Lozenge Triples Chance of Quitting Smoking
LONDON (Reuters) - A new lozenge can triple a smoker's chance of quitting and is more effective than other forms of nicotine replacement therapy, according to results of a study released on Monday.
A large clinical trial showed that NiQuitin CQ, made by drugs giant GlaxoSmithKline Plc, worked better than nicotine patches, gum, inhalers or nasal sprays to help smokers kick the habit.
"It trebles the success rate and surpasses all form of NRT (nicotine replacement therapy) to date," Dr. Chris Steele, who runs one of Europe's biggest quit-smoking clinics, told a news conference.
Steele, a Manchester-based family doctor who has run stop-smoking courses for 25 years, said the trial involving more than 1,800 smokers in Britain and the United States showed that smokers randomly selected to receive the lozenges were much more likely to stop than people who took a placebo.
"The active lozenge was three times as effective as the placebo," according to Steele.
Other NRT products have been shown to be twice or less than twice as effective as a placebo in helping smokers give up the habit.
The lozenges, available in two and four milligram doses, were designed to reduce cravings and withdrawal symptoms and were taken in gradually reduced amounts for 12 weeks.
They cost about $25 a week, the equivalent of most other nicotine replacement therapies. In Britain, the first country where the lozenges are launched, they are available on the state-funded National Health Service (NHS).
Doctors determine the dosage using a definition of smoking dependency based on how soon a smoker has the first cigarette after waking.
People who light up within 30 minutes of waking are heavily dependent, regardless of how many cigarettes they smoke daily, and would be given the higher dosage.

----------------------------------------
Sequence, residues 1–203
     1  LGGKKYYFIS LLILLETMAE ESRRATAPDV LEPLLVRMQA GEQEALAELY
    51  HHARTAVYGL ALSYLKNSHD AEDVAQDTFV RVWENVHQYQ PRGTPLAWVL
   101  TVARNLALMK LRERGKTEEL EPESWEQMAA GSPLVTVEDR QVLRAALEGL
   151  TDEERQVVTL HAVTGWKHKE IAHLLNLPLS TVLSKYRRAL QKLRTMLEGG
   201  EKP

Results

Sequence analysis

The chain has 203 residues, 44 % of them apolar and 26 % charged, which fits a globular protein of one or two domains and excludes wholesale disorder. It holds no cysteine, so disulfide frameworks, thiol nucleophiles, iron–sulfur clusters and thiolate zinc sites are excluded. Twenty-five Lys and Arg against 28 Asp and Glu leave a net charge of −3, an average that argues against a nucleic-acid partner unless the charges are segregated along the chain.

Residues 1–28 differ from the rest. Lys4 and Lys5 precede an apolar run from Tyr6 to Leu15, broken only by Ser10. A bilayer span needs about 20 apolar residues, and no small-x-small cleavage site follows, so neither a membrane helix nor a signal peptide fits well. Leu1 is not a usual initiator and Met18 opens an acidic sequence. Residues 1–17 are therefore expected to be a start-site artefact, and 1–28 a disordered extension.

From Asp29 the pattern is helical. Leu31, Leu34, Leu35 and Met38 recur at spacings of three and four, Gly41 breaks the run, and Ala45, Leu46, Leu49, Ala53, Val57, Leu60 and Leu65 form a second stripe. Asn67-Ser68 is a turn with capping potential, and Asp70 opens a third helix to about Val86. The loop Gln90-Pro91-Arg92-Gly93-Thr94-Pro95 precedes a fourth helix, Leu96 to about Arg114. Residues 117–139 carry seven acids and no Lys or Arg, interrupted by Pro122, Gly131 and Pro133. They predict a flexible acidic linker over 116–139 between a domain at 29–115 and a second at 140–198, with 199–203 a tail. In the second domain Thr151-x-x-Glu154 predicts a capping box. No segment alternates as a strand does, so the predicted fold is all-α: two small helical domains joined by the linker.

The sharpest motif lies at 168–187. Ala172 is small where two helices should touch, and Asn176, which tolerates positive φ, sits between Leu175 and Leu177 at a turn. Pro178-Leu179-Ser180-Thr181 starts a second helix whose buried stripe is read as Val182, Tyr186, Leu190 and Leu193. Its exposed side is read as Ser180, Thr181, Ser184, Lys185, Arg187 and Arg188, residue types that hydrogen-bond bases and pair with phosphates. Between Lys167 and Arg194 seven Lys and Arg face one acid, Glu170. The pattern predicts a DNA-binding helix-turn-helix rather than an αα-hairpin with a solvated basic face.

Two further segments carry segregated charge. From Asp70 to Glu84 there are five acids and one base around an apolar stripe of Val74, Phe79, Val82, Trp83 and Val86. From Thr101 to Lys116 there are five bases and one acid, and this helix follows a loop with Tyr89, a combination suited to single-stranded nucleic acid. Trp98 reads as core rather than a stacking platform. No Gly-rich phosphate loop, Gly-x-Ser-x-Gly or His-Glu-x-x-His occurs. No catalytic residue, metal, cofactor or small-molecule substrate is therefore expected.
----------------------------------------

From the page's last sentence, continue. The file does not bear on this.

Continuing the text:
Someone who can do without their first cigarette for longer is less dependent and would receive the smaller dosage.
Steele said the first two weeks are critical for smokers trying to quit. According to the results of the trial, which will be published in the journal Archives of Internal Medicine next year, cigarette cravings in the first week for those using the lozenges were reduced by 23 percent during the first week.
Although the dosage of the lozenges is the same as nicotine gum, Steele said the lozenges were more effective because they release 25-27 percent more nicotine from each dose.
Some smokers experienced side effects such as nausea and heartburn, he said.
Professor Gordon McVie, the director general of Britain's Cancer Research Campaign charity, described the results of the trial as "fairly robust" and said the lozenges may encourage heavy smokers to try to give up one more time.
Scientific studies have shown the smoking is the single greatest cause of preventable death. Smoking causes 30 percent of all cancer deaths, including at least 80 percent of lung cancer deaths.